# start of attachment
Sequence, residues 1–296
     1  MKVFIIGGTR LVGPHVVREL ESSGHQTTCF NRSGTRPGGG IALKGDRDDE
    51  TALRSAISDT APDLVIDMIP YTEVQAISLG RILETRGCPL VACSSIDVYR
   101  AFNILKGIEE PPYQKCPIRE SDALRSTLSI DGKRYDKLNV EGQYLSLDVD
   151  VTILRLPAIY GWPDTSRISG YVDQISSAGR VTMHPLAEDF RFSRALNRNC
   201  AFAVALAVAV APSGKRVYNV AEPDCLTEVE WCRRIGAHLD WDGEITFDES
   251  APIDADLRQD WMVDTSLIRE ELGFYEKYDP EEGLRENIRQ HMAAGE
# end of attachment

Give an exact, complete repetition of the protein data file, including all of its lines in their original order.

Sequence, residues 1–296
     1  MKVFIIGGTR LVGPHVVREL ESSGHQTTCF NRSGTRPGGG IALKGDRDDE
    51  TALRSAISDT APDLVIDMIP YTEVQAISLG RILETRGCPL VACSSIDVYR
   101  AFNILKGIEE PPYQKCPIRE SDALRSTLSI DGKRYDKLNV EGQYLSLDVD
   151  VTILRLPAIY GWPDTSRISG YVDQISSAGR VTMHPLAEDF RFSRALNRNC
   201  AFAVALAVAV APSGKRVYNV AEPDCLTEVE WCRRIGAHLD WDGEITFDES
   251  APIDADLRQD WMVDTSLIRE ELGFYEKYDP EEGLRENIRQ HMAAGE